50 Grams

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Roald Dahl wrote his mother a letter once a week until the week she died. One of his late father’s wishes was that he go to boarding school, so at the age of seven, he did. At the end of each week they wrote home. When he left school he never stopped writing on Sundays.

When my mum turned eighty I was living fourteen thousand, one hundred and forty-three kilometres across the ocean and I wanted to carry on the tradition of Mr Dahl. For two dollars and sixty cents you can mail up to fifty grams from Australia to Canada. I began my search for items that weighed less than fifty grams: a feather from a finch or, if lucky, a rosella; a robin’s egg, dried in the sun; the bloated body of a blue-bottle I found at the beach; three peanuts; ribbons; dried roses; eight pages; a package of sesame snaps; fifty grams of organic quinoa. If Duncan MacDougall is correct I could put in two human souls. I picked out which items my mother would like best.

My daughter used to love hunting for the fifty-gram treasures. One evening at the end of a holiday we went to the forest that bordered the beach. The sun was coming down in hazy colors like blended peaches. She was four and asked me whether it was okay to marry your mother, if you loved her. She looked at me with her big grey eyes, then picked up a handful of dry cypress pine needles. We stuck our noses in and breathed in the hot earth smell.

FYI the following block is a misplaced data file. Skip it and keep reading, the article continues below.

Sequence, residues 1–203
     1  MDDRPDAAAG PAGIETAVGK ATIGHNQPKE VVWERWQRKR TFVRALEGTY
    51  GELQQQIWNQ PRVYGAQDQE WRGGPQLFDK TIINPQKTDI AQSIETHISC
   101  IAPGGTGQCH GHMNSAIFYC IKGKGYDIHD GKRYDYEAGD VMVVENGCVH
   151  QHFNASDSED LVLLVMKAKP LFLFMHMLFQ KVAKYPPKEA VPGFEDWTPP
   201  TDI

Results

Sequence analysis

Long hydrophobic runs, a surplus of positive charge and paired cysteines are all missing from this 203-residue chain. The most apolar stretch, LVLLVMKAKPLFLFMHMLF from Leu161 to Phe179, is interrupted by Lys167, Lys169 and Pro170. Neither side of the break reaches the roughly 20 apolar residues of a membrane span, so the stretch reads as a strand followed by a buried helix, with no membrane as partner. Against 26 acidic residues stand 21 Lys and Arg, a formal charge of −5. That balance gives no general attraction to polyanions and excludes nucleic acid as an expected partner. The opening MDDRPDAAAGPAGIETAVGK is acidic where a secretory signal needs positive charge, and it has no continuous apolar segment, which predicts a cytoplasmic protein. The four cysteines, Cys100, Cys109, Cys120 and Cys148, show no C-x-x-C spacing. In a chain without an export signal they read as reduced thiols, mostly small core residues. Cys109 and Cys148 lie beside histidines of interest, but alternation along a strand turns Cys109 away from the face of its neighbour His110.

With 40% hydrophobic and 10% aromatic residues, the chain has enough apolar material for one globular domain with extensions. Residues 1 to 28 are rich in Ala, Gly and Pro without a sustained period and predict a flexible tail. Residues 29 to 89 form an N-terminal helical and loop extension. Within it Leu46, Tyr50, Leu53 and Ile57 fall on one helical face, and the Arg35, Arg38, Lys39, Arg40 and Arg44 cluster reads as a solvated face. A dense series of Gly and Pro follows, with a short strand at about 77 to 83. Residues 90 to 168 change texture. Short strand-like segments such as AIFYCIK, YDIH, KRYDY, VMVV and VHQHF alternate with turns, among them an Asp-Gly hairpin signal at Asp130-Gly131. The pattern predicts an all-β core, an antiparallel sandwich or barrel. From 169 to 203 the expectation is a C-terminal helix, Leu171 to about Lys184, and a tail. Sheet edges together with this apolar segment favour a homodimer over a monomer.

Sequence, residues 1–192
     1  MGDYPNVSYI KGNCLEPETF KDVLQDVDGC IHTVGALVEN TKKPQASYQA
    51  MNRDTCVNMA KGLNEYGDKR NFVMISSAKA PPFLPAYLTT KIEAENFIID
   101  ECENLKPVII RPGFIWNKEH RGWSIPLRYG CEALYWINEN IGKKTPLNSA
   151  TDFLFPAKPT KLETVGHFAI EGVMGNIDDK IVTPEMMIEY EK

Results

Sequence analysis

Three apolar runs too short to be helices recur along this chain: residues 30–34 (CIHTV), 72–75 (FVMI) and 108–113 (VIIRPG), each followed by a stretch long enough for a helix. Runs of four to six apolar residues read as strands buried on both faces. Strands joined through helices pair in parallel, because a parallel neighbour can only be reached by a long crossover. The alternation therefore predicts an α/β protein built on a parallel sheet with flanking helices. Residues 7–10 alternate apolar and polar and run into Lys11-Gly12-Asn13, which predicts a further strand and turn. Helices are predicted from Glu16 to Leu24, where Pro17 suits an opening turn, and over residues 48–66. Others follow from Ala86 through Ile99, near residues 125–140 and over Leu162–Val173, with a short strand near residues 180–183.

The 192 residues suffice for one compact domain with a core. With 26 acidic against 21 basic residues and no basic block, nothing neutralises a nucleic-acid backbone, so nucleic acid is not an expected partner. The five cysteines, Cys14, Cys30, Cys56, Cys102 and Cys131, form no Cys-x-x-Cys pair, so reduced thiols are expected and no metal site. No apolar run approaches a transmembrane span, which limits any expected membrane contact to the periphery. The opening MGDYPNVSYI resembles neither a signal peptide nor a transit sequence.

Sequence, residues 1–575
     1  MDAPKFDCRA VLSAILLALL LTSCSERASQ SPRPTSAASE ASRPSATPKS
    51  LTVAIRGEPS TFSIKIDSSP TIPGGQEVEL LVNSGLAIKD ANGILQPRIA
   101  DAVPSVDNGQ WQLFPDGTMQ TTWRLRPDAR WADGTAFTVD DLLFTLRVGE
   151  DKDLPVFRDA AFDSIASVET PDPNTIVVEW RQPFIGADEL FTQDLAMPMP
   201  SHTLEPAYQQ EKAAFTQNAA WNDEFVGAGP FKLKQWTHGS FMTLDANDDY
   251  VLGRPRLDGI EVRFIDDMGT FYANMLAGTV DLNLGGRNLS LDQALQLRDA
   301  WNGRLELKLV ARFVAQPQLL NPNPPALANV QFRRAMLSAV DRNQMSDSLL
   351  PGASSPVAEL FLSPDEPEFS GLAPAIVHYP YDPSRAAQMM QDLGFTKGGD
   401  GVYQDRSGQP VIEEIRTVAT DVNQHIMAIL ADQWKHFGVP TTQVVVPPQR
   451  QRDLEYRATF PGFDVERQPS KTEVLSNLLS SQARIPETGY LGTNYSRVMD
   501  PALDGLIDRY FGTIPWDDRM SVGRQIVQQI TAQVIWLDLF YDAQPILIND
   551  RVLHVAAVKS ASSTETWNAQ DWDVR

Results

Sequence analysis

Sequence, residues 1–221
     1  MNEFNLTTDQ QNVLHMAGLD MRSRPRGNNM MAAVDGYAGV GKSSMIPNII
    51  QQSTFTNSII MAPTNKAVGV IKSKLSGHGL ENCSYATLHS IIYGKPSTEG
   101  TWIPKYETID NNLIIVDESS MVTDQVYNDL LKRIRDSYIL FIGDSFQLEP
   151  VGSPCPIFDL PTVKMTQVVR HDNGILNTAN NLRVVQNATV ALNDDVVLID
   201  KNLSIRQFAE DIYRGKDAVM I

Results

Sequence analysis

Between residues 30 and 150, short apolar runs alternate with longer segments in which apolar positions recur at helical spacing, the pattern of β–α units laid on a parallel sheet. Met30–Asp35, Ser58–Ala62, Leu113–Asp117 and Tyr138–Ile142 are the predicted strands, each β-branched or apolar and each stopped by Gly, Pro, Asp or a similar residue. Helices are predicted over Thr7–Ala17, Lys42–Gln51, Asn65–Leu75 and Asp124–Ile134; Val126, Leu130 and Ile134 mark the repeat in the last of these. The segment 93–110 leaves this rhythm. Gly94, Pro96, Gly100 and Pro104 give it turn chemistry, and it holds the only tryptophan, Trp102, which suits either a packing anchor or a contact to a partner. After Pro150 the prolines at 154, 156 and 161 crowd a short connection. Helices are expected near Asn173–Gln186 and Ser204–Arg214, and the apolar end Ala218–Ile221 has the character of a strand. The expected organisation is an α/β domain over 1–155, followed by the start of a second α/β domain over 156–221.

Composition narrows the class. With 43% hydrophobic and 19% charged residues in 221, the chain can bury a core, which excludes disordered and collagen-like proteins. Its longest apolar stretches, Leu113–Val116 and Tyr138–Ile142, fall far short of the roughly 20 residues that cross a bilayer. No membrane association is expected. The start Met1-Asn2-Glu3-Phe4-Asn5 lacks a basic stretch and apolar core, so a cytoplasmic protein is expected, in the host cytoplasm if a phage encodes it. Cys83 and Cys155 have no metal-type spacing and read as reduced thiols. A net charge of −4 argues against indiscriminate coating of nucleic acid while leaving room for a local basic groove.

I remembered my mother telling me how her grandmother had burned my mother’s books – the ones she was awarded for academic prizes at school – in fear that she was getting too good for the family.

Now my daughter is grown up and she in turn has moved to London, the birthplace of my book-burning great-grandmother. When my mother died, my father asked me how he should send my portion of Mum’s ashes.

‘Is it less than fifty grams?’ I asked.

‘I suppose,’ he shrugged into Skype.

‘A regular manila envelope then.’

They came in one of my old card envelopes, the front covered over with a neat square of white, bordered in sticky tape, with my name and address in Dad’s perfect handwriting. I took them to the beach and held her out to the ocean and they drifted in the breeze and I wondered how the postal service had known that love weighed fifty grams.